Salmon Harvesting With My Son Connects Us With The Land And Our Ancestors
Our connection is fortified every time my son and I bring the fish from the water to our table.
I’m sitting on a piece of driftwood, watching my son splash in the frigid Alaskan water when the seal pops up. It’s quite a ways out, but the familiar shape is instantly recognizable, a curious little head bobbing up and down. The seals always show up when my son takes his skimboard out in the ocean waves. They hang around for as long as he’s in the water, watching the strange visitor to their underwater world. We are used to the seals by now and it seems they are used to us.
My son waves to get my attention and points at a small silver salmon jumping a few feet from shore. The little fish jumps again and again, shimmering in the evening sun. It travels an impressive distance with each leap from the water, instinctually traveling along some predetermined path.
We love it here. The glacial water, the arctic wind, and the rocky shores are in our bones. We are members of the Kenaitze Indian Tribe. Our Athabascan ancestors spoke the Dena’ina language and made their home on the bluffs bordering this beach. My grandfather grew up in a small Russian village on those same bluffs; my father was born and raised here.
I grew up here, too, commercial fishing for salmon with my family. I have fond memories of long summer days playing cards, agate hunting, and sitting around campfires with my aunts, uncles, grandparents, and cousins. We’d set our nets and watch as they disappeared under a rising tide, hoping they would reveal themselves full of fish when the water ebbed back down the beach.
Our Indigenous ancestors were sustained on salmon. My son is connecting to his roots every time he eats it.
Tonight it’s time to go. My son would like to stay, but I took a couple of salmon filets out of the freezer for dinner and they should be thawed by the time we get home. I’ll slice fresh lemons and onions into rings to lay atop the salt-and-pepper-seasoned fish. Then I’ll wrap the filets in foil and bake them, a tried-and-true method I’ve been eating cooked over open fires, in ovens, and on barbecue grills since childhood.
After we eat, I’ll flake any leftover fish into a bowl and put it in the fridge for salmon salad sandwiches tomorrow. I’ll need more lemons to juice and raw onions to dice. Both get mixed into the cooked salmon along with mayonnaise, lots of chopped pickles, plenty of fresh ground pepper, and dill. I might add a boiled egg or two. Similar to the recipe my grandma served on thick slices of fresh-baked bread.
When I tell my son we’re having salmon for the second day in a row, he won’t complain or say, “Salmon again?” He’ll be excited because he loves salmon. He doesn’t care if it’s chowder, patties fried in a pan, or some other concoction. He would eat it every day.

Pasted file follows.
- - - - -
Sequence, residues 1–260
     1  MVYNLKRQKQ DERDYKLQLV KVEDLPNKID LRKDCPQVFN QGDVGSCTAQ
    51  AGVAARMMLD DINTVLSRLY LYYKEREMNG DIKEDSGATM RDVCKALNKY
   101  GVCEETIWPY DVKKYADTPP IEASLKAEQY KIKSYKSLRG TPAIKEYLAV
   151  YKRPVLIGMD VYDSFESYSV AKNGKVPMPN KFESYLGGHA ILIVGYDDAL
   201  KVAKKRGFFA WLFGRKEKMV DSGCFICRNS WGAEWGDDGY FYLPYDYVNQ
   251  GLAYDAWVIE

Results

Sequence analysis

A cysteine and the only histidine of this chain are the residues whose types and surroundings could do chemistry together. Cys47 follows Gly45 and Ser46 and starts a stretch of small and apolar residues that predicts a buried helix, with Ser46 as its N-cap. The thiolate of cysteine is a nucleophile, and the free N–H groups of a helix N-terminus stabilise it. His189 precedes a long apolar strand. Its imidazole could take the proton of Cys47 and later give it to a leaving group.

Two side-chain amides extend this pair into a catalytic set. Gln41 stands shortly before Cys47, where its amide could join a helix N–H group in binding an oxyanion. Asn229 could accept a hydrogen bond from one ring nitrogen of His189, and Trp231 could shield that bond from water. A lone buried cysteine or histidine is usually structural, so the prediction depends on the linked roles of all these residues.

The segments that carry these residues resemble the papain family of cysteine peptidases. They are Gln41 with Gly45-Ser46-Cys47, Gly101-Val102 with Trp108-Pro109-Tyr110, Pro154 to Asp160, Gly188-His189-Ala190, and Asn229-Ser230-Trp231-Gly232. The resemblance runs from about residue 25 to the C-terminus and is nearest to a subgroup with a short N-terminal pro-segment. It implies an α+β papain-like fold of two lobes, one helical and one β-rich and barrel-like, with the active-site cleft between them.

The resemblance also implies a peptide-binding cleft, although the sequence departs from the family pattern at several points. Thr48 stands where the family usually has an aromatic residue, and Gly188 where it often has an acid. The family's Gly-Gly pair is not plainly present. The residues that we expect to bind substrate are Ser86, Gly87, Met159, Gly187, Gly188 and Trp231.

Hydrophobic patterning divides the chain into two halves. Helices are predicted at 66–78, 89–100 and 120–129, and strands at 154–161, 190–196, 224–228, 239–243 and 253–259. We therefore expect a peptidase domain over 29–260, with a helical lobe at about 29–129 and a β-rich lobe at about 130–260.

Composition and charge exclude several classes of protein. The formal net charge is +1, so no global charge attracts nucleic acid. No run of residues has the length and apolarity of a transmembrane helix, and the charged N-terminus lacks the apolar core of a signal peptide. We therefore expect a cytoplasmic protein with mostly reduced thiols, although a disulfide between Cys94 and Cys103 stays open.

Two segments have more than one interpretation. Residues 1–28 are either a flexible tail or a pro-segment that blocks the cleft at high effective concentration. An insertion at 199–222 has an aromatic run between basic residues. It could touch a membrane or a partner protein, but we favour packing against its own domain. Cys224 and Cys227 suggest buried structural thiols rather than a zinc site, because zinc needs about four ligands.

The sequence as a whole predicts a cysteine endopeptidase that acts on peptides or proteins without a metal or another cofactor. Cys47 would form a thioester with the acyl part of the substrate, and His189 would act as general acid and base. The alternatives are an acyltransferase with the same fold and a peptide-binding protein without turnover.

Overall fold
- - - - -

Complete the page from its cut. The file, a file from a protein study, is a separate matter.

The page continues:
I’m happy to oblige because these meals are so much more than just food. Our Indigenous ancestors were sustained on salmon. It was an indispensable resource that nurtured their bodies, their culture, and their way of life. My son is connecting to his roots every time he eats it. It’s a connection that’s fortified when he participates in the process that brings the fish from the water to our table.
Participation in a subsistence lifestyle is a simple way for him to understand a complicated story. The story of who he is. Like any good story told well, meaning is often found in the showing rather than the telling.
My son grew up in a commercial fishing family. In the spring, while his dad, uncles, and grandpa worked tirelessly, preparing for their summer of seining in Kodiak, he played with his cousins on and around the boats. He swung on buoys hung from booms and climbed mountains of nets piled high on the deck. For most of his life, he waved from the dock as the boats left the harbor, embarking on their annual trip to the fishing grounds.
Now that he’s a teenager, and his grandpa has retired to a smaller operation closer to home, he gets to go. He spends a few days every summer setting the net and reeling it back in. He picks fish and learns how to be a fisherman. The excitement in his voice when he calls to tell me about the red salmon he kept and cooked for dinner could never be inspired by a frozen pizza or pack of hot dogs from the grocery store.
He developed a similar affinity for moose after he went hunting with his dad and his uncles last fall. They ventured deep into the wilderness and lived with no modern conveniences for two weeks. During the day, they crept through the brush, in search of a bull big enough to feed their families for an entire winter. Their evenings were spent by the fire telling whiskey-fueled tales — Coca Cola-fueled, in my son’s case. They slept in wall tents erected for the trip. The experience of finding and felling a moose, butchering it, preserving it, and packing it out of the woods made an indelible impression on him.